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Why Diets Don't Work

Here is guest post from our friend and Registered Dietitian, Kim Nicolai.

An Honest Explanation of Why I Don’t Believe Diets Work in the Long Term

There wasn’t a pivotal moment when I knew I wanted to study nutrition and become a registered dietitian. Instead I began to build awareness gradually about how certain foods made me feel during my first year in college. It was after joining the triathlon club that I learned I needed to eat more vegetables at dinner and stop binging during the weekends if I wanted to fuel for workouts properly. I took an intro into nutrition class and I felt certain that I wanted to switch my major to nutrition full time and focus on healthy eating. However, my eating patterns didn’t change overnight, it took time to adopt healthier habits. Since that time in college I have never followed a single strict diet. There are many reasons for that, but the biggest being that I honestly don’t want to put in all the work and effort into making sure a meal is 100% paleo or gluten free or that I can find a restaurant that caters to the Whole30 diet while I’m out of town. That’s not to say following these diets won’t help you reach your health goals. They certainly will, but only for a period of time.

Whether you’re thinking about following a paleo diet or ketogenic diet, or tackling the Whole30, they all have a few things in common and that is they encourage vegetable consumption, limit or eliminate processed foods and added sugar, and most importantly reduce overall calories. Thus, encouraging weight loss. While these are certainly good guidelines to follow, taking them to extreme may not be the smartest idea.

Most diets have that “all or nothing mentality.” You’re either painstakingly healthy all the time or you’ve fallen off the wagon and are eating everything in sight. I can’t imagine a world where I deprive myself of chocolate and pizza, but at the same I can’t imagine a world where I don’t listen to what my body needs—vegetables, fruits, lean protein, healthy fat, and whole grains. That’s why, for most people, these diets don’t work in the long run. Deprivation does not work. The all or nothing mentality does not work.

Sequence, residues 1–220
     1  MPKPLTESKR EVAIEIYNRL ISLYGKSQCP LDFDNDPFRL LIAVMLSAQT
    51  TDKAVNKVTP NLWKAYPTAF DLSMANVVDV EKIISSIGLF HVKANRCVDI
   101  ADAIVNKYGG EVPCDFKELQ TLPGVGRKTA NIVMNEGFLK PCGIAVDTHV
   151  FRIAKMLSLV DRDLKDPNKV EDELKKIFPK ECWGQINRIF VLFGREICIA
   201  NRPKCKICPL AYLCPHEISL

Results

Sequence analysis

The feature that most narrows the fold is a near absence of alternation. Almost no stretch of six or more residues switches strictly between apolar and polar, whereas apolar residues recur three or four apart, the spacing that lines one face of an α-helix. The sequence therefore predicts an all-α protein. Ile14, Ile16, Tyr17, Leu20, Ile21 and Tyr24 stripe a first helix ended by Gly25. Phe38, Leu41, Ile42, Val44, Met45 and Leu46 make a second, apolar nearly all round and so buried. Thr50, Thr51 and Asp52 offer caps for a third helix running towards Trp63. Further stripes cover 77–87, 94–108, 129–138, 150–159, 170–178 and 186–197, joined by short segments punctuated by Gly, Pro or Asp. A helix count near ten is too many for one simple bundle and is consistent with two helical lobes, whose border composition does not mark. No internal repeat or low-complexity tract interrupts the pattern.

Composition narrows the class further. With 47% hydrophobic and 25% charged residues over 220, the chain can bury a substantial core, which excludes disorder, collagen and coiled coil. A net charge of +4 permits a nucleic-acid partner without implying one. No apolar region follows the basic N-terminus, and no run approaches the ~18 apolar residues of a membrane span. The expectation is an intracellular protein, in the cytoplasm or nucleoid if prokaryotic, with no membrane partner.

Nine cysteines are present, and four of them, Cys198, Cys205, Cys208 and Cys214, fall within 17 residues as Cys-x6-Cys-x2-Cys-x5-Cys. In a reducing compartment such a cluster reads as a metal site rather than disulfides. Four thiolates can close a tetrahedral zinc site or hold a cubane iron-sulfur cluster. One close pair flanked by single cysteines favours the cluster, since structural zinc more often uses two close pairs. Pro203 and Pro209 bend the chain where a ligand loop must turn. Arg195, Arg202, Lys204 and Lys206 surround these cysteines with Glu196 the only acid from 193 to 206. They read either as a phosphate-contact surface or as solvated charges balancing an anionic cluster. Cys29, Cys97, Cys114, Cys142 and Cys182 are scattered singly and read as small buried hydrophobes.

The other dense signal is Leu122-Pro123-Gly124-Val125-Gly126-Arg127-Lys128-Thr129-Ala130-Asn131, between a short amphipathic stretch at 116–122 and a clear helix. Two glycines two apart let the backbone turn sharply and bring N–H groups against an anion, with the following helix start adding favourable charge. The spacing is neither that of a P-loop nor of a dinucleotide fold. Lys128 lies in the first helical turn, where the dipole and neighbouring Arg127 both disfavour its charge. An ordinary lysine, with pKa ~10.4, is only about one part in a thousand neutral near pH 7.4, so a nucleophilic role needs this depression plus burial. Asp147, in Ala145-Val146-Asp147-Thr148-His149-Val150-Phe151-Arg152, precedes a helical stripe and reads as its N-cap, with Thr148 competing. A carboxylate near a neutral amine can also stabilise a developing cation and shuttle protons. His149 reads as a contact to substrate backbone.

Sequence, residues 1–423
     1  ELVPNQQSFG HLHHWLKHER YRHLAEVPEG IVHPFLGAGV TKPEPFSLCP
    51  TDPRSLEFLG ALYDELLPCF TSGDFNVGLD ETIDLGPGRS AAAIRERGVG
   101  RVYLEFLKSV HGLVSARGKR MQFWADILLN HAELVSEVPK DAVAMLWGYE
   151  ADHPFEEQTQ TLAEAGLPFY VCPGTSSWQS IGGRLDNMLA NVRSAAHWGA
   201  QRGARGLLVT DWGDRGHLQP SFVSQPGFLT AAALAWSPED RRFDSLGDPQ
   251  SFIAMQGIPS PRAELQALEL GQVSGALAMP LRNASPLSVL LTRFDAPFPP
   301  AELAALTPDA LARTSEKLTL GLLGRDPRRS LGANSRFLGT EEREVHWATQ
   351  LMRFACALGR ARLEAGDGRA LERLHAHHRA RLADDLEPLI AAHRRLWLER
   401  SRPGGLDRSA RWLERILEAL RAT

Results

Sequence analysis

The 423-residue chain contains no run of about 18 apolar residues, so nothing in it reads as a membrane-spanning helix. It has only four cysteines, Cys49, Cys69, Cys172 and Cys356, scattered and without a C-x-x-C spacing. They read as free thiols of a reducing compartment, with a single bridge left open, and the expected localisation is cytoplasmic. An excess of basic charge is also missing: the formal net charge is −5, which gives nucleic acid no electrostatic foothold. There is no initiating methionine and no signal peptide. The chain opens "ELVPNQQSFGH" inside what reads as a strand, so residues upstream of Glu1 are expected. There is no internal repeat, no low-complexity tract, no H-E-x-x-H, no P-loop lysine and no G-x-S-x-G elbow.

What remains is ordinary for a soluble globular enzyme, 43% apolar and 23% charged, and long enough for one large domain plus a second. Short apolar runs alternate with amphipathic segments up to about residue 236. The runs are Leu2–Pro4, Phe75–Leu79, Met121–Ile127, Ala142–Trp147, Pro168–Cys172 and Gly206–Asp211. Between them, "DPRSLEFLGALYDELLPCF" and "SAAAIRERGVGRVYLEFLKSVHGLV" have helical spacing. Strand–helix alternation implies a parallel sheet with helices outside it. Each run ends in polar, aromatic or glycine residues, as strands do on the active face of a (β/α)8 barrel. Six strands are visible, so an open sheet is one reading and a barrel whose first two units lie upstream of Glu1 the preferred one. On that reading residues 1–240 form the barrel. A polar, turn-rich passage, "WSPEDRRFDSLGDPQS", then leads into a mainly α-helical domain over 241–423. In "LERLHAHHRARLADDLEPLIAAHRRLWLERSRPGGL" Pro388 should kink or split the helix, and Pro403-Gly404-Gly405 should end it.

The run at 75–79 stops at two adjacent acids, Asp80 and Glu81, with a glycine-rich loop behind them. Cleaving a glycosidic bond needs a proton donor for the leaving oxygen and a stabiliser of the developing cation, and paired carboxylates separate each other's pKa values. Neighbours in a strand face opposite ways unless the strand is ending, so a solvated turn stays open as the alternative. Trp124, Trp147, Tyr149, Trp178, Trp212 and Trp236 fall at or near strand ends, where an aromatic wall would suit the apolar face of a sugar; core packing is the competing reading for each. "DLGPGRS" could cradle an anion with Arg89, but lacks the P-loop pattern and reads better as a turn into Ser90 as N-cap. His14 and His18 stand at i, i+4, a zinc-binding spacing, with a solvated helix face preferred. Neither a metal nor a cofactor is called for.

So, what are we supposed to do?

The answer is finding your balance between fueling your body with what it needs and learning to eat with mindfulness and moderation. It’s about following a few of these guidelines:

  1. Stop labeling foods as “good” or “bad”

  2. Look at the nutritional value of a food

  3. Tune into your body’s hunger level and ask yourself if you are physically hungry or if you are having a craving

  4. Learn to say “no” in social situations when people offer you food or drinks you don’t want

  5. Don’t be a part of the “clean your plate” club, if you’re not hungry anymore don’t eat it because it’s there.

  6. Measure portions out and keep to the serving size

  7. Eat vegetables at most meals and focus on low calorie, nutrient dense foods

  8. Cook most of your meals at home when you can

9. Focus on progress not perfection?

How do you start moving forward?

The answer is not to completely overhaul your normal eating pattern right away, but by adding in small healthy changes. Whether that be making half your dinner plate vegetables a few times a week, cooking at home on the weekends instead of going out, reducing wine during the weeknights, not grazing in between meals. It’s about changing your mindset around food and about building healthy habits that are realistic so that you can sustain a healthy weight in the long term. It’s also about enjoying the journey and fueling your life with foods that are good for your body and good for your soul.

Remember, you don’t have to go at this alone let me help you by giving you the knowledge and support to build healthy habits to meet your specific needs.


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